It’s been harder getting back into running than I thought it would be. I think that’s in part due to the season and the cold – I am always so much more motivated to run when it’s nice out. Lucky for me, spring is now here: the Swan Boats returned to the Public Garden on Saturday, so now it has to be nice!
And the last few weeks I’ve been having shin pain, which I’ve never had before, and have really just been slugging along- much more walking than running… but I was determined, no matter what my pace or if it hurt a bit, to do this race.
And I did (even remembered to wear my compression sleeve), with such an incredible group of supporters: Tara (who in just three years has graduated to running her first Boston Marathon tomorrow!), and some of my Genzyme Marathon Team family: Jessi, Colleen, Kyle, Andrew, Sean and James – and Cian and David from Ireland not only cheered me on, but ran, too! I look forward to cheering you all on at the Marathon tomorrow! And Nick and Shay even joined us for a celebratory brunch (complete with mimosas for a few of us…) after the race. Thank you all so much for being there for me – it meant more than you know!!!
So now the curse has been lifted, and I am mulling a new goal: Disney Princess Half Marathon in Walt Disney World in February. (If it wasn’t the end of kid’s February vacation, I would definitely do it – but must weigh pros and cons before committing.) In the meantime, I’m going to sign up for a few more 5Ks…
Posted in Boston, Cancer, chemotherapy, connections, Decisions, Fundraising, Home, Planning, radiation, recovery, Uncategorized, work | Tagged Boston, breast cancer, cancer, chemo, connections, decisions, family, lymphedema, mastectomy, prayer, recovery, running, side effects, work | 12 Comments »
I do not have a rare disease. I am lucky that what hit me last year is one of the most common diseases. It may suck, but people know what it is, doctors can easily identify it and there are numerous treatments available. People with rare diseases are not so lucky. Often just getting a diagnosis is a struggle, never mind finding a treatment. That’s why awareness is so important. And that’s one of the main goals of our Genzyme Boston Marathon Team – to raise awareness of rare diseases, as well as funds to support NORD, the National Organization for Rare Disorders.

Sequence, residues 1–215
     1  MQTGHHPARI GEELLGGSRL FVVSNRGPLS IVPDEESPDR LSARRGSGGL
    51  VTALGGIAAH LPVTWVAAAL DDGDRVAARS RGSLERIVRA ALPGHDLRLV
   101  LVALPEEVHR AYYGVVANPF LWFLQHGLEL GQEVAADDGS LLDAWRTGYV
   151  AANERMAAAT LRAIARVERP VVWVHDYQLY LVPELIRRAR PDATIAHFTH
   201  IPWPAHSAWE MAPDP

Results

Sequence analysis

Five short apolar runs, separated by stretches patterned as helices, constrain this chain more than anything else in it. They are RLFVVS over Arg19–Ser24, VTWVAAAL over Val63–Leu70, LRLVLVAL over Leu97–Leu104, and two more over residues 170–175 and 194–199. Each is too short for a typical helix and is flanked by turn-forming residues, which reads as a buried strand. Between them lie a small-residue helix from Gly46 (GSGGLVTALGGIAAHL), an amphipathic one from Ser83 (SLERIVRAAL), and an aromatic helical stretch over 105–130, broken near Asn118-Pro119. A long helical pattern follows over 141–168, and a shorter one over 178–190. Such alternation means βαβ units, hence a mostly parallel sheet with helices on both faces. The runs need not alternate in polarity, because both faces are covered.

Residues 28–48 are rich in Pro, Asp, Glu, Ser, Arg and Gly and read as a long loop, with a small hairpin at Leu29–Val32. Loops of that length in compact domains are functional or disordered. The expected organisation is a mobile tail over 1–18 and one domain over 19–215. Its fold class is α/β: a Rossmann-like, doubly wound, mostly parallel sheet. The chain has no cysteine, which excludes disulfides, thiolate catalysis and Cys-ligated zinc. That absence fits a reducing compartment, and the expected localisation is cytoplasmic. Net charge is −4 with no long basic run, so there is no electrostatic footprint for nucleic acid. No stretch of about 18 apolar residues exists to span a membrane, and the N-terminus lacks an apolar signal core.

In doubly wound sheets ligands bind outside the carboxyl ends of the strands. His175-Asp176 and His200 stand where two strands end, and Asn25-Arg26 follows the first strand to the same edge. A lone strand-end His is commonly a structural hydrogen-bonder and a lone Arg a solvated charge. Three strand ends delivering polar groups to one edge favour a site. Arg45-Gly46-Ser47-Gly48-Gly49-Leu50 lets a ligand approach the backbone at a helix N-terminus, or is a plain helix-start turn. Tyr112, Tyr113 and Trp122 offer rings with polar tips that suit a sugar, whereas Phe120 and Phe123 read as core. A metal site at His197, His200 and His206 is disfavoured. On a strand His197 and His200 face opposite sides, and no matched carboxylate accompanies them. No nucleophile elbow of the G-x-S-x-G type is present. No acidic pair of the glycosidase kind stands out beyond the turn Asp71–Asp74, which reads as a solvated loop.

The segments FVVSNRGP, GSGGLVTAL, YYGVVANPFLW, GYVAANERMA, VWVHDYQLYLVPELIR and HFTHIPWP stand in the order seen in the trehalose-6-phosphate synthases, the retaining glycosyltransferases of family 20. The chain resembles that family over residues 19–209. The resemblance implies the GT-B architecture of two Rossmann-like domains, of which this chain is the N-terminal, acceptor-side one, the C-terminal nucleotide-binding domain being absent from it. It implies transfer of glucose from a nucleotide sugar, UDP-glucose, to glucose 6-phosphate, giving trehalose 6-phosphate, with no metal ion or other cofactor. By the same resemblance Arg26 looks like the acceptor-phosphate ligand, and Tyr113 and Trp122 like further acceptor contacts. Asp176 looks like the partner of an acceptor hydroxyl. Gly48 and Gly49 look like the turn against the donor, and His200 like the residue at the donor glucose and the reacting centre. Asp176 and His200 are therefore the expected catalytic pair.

Want to help? Bid on one of the very cool items on our online auction at www.runningforrarediseases.org – it ends on Friday, April 12, at noon, so you better hurry up! Not up for shopping right now? Put on some warrior paint, like Nick and I did above. Each of our Marathon Team members are paired with members of the rare disease community. Phil is running in honor of little Wylder James who battled Niemann Pick A disease, and his parents have started the Warrior Paint Campaign:
“To show Phil our love and support for his efforts, and to remind him our Warrior Wylder James will be with him in spirit every step of the way … we have come up with a Warrior Paint Campaign!! The goal is to receive 1,000 photos of YOU in your WARRIOR paint by next Monday!! It’s simple. Dabble a bit of Warrior Paint (aka. face paint, or sunscreen) onto your cheeks and the cheeks of those you love and send them our way. Send to me at firstname.lastname@example.org or post to the WN FB Page at https://www.facebook.com/Wylderjames ”